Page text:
So, the disclosure that ZDnet is gonna add is good. At sign up, or when existing users get notice of updated policy, we can therefore CHOOSE to sign on and give up the items discussed, or not. Generally speaking, it seems there is no free lunch. On the web, I have long gone on the assumption that "free" newsletters, registrations to access "free" information archives or whatever, "free" community or social sites are predicated on the exchange of value for value: I get acess to whatever it is being offered, and implicit in the transaction is the idea that I'm giving up value in the form of some set of my personal data which has value to the entity on the other side of the equation. As long as the use of my data remains within the stated or expected range of uses, that's fine. That's the trust intangible. But if the usages are expressly stated upfront, that's the best practice obviously, since consumers can then make an informed choice.
    • Read the rest of the article


      Change to text. No tracking. Or have your email client (like Thunderbird) not display images. It's not that hard.
    • It's a two-way street

      robtlerch, I believe that what we're doing is less invasive than the creepy-sounding phrase, "monitoriting my email reading habits." ZDNet's got no interest in anything about your email other than the effectiveness of the stuff we send you (with your explicit permission).

      Do you have a TiVo or shop on Amazon? Does it bother you that those systems track your consumption behavior and react by hiding some stuff and promoting other stuff? These are the opportunities that digital delivery offers, and the trick for all of us making these systems is to balance the inherent invasiveness with some benefit to person doing the consuming.

      I like it when a bartender knows my favorite drink. Maybe there's a new Neuman Test: True AI is here when a bartender knows your favorite drink, and you can't tell if the bartender is a clever human or computer monitoring your credit card purchases.

      Stephen Howard-Sarin
      VP, ZDNet
      Stephen Howard-Sarin
  • "PattyMail" and tracking newsletters

    Well, we are inventing our digital culture as we go--so issues are met (or not) as they raise their heads. It's great when companies take initiative like ZDNet's DB here and see that an issue has coalesced into a need for proactive response. It's waay better than when companies wait to do it until the skeletons (of abuses) are drug into the light *forcing* a company to make policy (and/or apologies and settlements). But a tracking gif used as described here amounts to harmless resource management and self-checking of product usage and performance. Ratings, basically. That's not in even in the same ballpark as the reprehensible PattyMail tracking scenario. The HP corp's right to keep inside info protected should not permit them to trangress against consumers or journalists in such an arrogant, lawless manner. I'm sad about the good old days bygone when HP was known for quality and vision.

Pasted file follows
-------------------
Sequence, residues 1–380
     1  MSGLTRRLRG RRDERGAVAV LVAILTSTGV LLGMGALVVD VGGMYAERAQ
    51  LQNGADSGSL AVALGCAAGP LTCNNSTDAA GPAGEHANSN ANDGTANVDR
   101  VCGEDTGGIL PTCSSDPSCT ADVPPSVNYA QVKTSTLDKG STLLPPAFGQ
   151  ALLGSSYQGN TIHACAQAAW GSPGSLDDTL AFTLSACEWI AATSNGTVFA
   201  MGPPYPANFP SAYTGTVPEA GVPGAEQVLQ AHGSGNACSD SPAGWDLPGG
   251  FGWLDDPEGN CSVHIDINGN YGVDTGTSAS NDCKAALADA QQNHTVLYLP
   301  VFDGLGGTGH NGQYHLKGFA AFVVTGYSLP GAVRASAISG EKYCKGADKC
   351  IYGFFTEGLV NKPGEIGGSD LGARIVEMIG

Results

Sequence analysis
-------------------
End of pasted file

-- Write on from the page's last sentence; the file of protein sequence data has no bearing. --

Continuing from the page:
• PattyMail Disclosure - ZDNet to lead by example

    Bravo! I am a business owner and when I sign up to recieve information from you that is FREE to me, I expect that there is some way that ZD benefits from having my information.

    The upfront disclosure of what you are collecting and how it is used is the kind of honesty that has long been missing from the corporate world. That is why we continue to have one scandel after another.

    By your disclosure, you have created a free market exchange of information. Plus, you will allow me to recieve your information by text mail where you can't collect the information if I want. The in formation in text mail is truly "getting something for nothing". This is big-big step in leading by example.

    ZD has great influence in the world of business. I would guess that that influence spans the supply/use chain from the manufacturer to the person using a five year old computer.

    I believe that if ZD were to take the HUGE step of applying this policy to all of your publications, that you would cause this to become the norm and consumers would understand that companies that won't be transparent in this area truly do have something to hide and act accordingly.